Sir Peter Gluckman, the Prime Minister’s Chief Science Advisor, has been taking stock of the progress made in promoting the use of evidence in public policy formation and his office’s work programme for the first half of 2016.
The seasonal glad tidings for NZIAHS members is that Sir Peter’s agenda next year includes working with government departments on the longer-term research needs of Government and New Zealand in areas such as primary production, conservation and the environment.
The tidings will be even gladder, a year hence, if scientists can look back and see his work in this area is being translated into more accommodating funding decisions.
But Sir Peter’s big achievement in the past year has been more a matter of injecting a stronger scientific influence on government policy than on the funding of science. The first item listed in his just-published press statement is the establishment of further departmental science advisor positions in ministries in the environmental and social sectors.
A network is now established with scientists who are also skilled brokers at the interface between science and policy, he said.
Sir Peter chairs this Committee of Science Advisors, “which also includes the Chief Economist and the Government Statistician”, according to the press statement.
The “chief economist” of what exactly?
Sir Peter was more illuminating last month when he was a member of a keynote panel on science advice to governments at the Canadian Science Policy Conference 2015. He said then:
This Committee Of Science Advisors also includes the Chief Economist from Treasury, the Government Statistician and, as observers, the President of the Royal Society of NZ and a deputy head of the public service commission. As well as networking and providing mutual support and peer review of their respective activities to lift the use of evidence within their ministries, the committee is increasingly assigned tasks by the Government, including a request to provide independent review of the evidential support for a number of budget bids from within the social sector.
Next year, according to the pre-Christmas press statement, Sir Peter and the Science Advisory network will turn their attention to developing further guidance on:
- The procurement and commissioning of research by government departments and agencies; and
- The engagement of the academic community with government data.
This work, expected to take six months and including extensive consultation, will likely result in further recommendations to the Prime Minister on the principles and practices for the production and treatment of science-based evidence for public policy decision-making and on the interface with academia.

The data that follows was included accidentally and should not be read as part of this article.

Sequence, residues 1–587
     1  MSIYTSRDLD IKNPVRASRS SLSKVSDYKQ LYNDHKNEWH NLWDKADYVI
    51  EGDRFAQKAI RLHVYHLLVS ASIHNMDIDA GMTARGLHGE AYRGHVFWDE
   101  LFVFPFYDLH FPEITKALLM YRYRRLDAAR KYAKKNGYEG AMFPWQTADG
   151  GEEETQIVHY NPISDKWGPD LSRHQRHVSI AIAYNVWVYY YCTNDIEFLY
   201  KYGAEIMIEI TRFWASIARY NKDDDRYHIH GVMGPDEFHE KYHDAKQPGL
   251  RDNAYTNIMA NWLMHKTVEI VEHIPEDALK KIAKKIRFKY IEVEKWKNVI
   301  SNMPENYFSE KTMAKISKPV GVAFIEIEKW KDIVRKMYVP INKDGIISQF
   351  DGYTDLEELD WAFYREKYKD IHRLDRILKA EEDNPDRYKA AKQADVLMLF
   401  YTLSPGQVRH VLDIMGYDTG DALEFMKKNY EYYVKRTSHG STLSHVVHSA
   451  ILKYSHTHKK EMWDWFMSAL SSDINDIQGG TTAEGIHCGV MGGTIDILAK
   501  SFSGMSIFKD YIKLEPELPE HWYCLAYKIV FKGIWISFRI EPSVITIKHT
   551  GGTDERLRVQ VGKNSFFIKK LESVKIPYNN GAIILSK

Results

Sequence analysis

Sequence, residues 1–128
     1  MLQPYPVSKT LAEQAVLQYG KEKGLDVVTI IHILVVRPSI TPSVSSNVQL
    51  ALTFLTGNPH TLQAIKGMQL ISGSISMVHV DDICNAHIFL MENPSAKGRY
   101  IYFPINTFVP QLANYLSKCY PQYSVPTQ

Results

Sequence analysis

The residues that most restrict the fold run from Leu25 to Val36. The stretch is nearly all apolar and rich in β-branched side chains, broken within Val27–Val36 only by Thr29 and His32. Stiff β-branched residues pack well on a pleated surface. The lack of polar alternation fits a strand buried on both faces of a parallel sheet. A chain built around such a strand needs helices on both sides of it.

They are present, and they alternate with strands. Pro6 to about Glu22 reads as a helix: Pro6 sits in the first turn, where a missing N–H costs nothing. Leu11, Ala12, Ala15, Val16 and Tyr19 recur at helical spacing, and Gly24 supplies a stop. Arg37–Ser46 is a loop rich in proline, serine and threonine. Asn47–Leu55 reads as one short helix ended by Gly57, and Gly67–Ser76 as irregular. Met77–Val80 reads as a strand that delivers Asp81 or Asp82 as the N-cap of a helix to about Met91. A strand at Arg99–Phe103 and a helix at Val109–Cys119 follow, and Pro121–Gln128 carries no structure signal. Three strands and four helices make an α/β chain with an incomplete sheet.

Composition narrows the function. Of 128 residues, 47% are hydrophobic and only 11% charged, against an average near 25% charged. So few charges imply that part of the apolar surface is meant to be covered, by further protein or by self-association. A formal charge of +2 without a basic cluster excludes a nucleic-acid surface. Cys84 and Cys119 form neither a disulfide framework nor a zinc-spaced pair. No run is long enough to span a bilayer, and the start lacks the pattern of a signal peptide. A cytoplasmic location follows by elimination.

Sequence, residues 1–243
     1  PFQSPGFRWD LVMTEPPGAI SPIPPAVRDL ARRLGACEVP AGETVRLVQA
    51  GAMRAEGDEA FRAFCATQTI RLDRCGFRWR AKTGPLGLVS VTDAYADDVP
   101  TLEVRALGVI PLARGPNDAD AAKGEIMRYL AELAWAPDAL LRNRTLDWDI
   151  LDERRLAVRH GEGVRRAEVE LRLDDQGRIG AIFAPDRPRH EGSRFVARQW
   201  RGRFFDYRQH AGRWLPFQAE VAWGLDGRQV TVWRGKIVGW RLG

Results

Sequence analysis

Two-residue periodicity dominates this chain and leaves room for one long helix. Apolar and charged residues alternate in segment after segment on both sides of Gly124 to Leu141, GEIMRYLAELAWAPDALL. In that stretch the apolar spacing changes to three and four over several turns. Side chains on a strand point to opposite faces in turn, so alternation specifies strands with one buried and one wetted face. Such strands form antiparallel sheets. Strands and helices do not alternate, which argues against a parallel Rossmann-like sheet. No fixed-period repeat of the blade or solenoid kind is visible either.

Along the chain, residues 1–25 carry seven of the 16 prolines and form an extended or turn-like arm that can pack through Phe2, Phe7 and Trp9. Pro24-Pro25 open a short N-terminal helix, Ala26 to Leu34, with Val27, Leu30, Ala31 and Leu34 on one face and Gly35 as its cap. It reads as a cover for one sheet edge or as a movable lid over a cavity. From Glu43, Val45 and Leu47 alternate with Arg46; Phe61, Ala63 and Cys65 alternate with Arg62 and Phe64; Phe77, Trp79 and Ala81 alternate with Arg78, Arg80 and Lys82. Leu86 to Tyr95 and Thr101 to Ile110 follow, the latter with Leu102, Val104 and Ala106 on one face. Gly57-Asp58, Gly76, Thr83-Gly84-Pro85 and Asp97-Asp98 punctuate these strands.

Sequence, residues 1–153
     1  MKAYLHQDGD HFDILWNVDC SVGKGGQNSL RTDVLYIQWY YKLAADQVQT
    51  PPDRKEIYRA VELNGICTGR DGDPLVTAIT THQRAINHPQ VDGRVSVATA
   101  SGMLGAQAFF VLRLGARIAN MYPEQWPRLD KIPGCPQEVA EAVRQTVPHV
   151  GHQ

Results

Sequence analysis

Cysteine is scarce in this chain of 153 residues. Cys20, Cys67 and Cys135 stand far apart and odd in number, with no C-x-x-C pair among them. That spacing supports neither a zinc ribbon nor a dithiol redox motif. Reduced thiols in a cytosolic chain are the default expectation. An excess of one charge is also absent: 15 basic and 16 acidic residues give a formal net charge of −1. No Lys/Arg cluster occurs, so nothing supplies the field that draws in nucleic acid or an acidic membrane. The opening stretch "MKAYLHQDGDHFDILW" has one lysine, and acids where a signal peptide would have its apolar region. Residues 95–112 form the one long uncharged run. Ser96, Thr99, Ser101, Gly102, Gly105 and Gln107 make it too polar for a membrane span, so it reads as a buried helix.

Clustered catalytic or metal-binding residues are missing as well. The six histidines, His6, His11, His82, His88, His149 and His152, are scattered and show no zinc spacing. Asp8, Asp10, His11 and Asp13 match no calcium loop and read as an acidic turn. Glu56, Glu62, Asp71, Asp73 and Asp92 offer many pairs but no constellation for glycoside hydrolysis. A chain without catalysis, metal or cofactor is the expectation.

He is talking here of yet another report which he describes as the logical next step in a series of reports he has produced on the use of evidence in policy making in New Zealand.
The objective of the 2016 project is to produce practical guidance for agencies, research providers and academics on the interface between government departments and the research community.
Sir Peter said:
Government departments increasingly seek to commission and use science in their decision-making. Conversely, there is a growing opportunity to promote academic research that requires access to governmental data.
In these interfaces the integrity and independence of the science, its process and its findings must be protected. However, there often needs to be engagement between the policy maker and the research community to ensure the questions addressed can impact on policy processes.
The key is how to strike the right balance, with appropriate provisions in place to protect the integrity of both the science and the policy process. The culture of accountability in the public service can be strengthened with principles-based guidance for policy makers on how to treat scientific knowledge production and its use within the public sector.
One other project is well under way and will be delivered in the first half of 2016.
This will be on “decision making in the context of uncertainty,” looking at popular and scientific understandings of risk, uncertainty and precaution and how these are applied in different contexts.
This report is intended to be a discussion starter for New Zealanders about risks faced, risks taken and how better-informed decisions can be taken.
We may suppose big decisions on matters like genetic modification come into this category.
Sir Peter will also continue also to devote time to supporting New Zealand’s international interests through science diplomacy and to promoting science in society initiatives – in particular those initiatives launched through A Nation of Curious Minds. He said he looks forward to visiting many of its school- and community-based science projects throughout the year.
Sir Peter will also be developing initiatives to engage emerging scientists in understanding the science-policy interface.